Larger than St. Patrick’s Cathedral in New York by more than 40 feet, the Baltimore cathedral is laid out in the shape of a cross. Its central aisle provides the longest walk in the country for a bride on her wedding day, and chapels to St. Joseph and the Blessed Sacrament are at the end of each arm of the cross.
Because of O’Neill’s extreme initial generosity and the interest that grew on his original donation, little expense was spared in the ornamentation of the cathedral.
The church was erected at a cost of $8.5 million – the equivalent of nearly $62 million in today’s dollars.
Perhaps the two most striking features are the cathedral’s magnificent stained glass windows and carved stone sculptures – all designed to teach about the faith.
The colorful windows, particularly rich in endless shades of the Marian color of blue, were designed by seven American and two French companies.
The topmost, clerestory windows portray Old Testament themes. Below them, the windows and stone panels in each of the 11 bays on either side follow the events of the liturgical year, starting with the first Sunday in Advent. There are more than 920 saints, heroes and heroines displayed in the windows.
Symbols of Mary
In the nave and side chapels, 780 spandrels, carved stone rectangles, stand between some of the frames of the stained glass. They feature geometric designs and 16 symbols for Mary.
Above the side aisles on each of the beveled arches are a series of 46 sculptured panels. Following liturgical themes, they are meant to serve as a biography of Jesus Christ.
A railing of rose marble separates the sanctuary from the nave, and a large crucifix hangs above the altar. The archbishop’s throne – the cathedra for which a cathedral is named – stands to the left and to the right is the pulpit with a stained oak canopy. The red hat of the late Cardinal Shehan hangs from the ceiling in the sanctuary.
The cathedral features numerous statues of saints, visible on the exterior of the building and within the structure’s many chapels.
Sheila Peter, a cathedral parishioner who leads tours of the building, said much of the cathedral’s beauty is found precisely in its symbolism.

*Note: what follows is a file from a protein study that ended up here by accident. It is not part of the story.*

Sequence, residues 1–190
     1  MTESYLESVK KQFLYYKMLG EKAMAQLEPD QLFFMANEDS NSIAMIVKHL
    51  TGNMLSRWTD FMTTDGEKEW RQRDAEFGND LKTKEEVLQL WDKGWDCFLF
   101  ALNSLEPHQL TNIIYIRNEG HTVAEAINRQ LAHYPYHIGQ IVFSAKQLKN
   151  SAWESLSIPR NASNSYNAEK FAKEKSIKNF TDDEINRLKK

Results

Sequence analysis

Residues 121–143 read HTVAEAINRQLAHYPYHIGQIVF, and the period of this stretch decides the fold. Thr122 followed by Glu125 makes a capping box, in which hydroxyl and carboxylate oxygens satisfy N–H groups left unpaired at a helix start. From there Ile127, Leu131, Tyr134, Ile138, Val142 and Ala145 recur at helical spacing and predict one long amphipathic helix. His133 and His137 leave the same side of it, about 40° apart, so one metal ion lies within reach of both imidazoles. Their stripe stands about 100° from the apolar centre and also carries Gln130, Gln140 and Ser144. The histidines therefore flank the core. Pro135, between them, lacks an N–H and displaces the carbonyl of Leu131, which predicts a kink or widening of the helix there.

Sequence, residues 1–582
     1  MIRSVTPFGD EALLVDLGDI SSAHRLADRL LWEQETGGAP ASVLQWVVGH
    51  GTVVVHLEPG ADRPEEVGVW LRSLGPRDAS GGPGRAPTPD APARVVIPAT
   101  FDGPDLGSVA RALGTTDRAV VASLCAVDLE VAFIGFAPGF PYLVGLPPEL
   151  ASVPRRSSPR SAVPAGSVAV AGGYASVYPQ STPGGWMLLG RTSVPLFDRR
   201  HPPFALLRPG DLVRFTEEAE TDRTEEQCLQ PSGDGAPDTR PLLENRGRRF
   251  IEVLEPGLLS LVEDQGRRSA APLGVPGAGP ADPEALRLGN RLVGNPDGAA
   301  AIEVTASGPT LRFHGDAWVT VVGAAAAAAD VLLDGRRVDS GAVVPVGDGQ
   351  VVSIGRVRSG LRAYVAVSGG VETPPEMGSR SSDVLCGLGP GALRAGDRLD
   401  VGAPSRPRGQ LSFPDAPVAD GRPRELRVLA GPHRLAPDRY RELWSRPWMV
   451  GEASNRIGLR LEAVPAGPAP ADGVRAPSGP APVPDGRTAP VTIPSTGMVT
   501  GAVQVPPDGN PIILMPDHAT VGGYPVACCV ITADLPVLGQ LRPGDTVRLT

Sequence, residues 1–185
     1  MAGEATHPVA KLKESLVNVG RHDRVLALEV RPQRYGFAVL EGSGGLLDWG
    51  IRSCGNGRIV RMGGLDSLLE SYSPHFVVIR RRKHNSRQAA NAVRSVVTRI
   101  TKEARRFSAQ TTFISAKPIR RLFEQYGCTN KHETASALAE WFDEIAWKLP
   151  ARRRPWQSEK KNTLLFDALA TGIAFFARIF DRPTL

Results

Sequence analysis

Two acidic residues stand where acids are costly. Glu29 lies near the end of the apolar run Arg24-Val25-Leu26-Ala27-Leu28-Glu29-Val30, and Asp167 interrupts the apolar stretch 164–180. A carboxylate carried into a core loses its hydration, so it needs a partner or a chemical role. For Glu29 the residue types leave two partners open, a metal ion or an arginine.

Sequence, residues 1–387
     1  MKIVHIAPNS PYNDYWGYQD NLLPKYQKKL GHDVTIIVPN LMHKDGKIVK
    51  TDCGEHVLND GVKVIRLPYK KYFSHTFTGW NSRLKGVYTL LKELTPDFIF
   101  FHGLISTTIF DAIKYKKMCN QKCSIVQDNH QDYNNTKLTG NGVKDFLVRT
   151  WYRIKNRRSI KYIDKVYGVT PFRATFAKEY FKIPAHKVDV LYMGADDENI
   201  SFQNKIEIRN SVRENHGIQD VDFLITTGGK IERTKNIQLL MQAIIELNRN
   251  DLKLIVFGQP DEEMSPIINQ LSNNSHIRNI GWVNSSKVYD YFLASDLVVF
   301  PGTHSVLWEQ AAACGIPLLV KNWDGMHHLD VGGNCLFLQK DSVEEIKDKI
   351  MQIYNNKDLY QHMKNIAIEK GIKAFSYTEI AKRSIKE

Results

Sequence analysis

“Every single thing in the building means something,” she said.
Center of faith
Over the last five decades, many liturgical events have matched the grandeur of the building that hosted them. In addition to parish sacramental celebrations, the cathedral is where people from throughout the archdiocese have gathered for Chrism Masses, priestly and diaconal ordinations, installation ceremonies for bishops and archbishops, graduations, concerts, funerals of prominent Catholics such as Johnny Unitas, interfaith gatherings and special events.
One of the highlights in the cathedral’s history came in 1995 when Pope John Paul II visited and led an ecumenical prayer service. It was the second time the pope had visited the cathedral, having prayed there in 1969 when he was archbishop of Krakow.
Cardinal Giovanni Montini visited the cathedral in 1960, three years before he would be elected Pope Paul VI.
As the cathedral moves into its next 50 years, Catholics are reminded that even as the grand building serves as a temple of God, so too must they themselves in their own lives. In a letter to Archbishop Keough at the dedication of the cathedral, Pope John XXIII emphasized just that point:
“If splendor and beauty befit a cathedral building in which sacred rites are enacted, where people gather for pious purposes and from which united prayers ascend to God for heavenly gifts,” the pope said, “how much more adorned with virtues should be our souls in which the Spirit of God deigns to dwell, and from which celestial grace gleams forth savingly for a witness unto others.”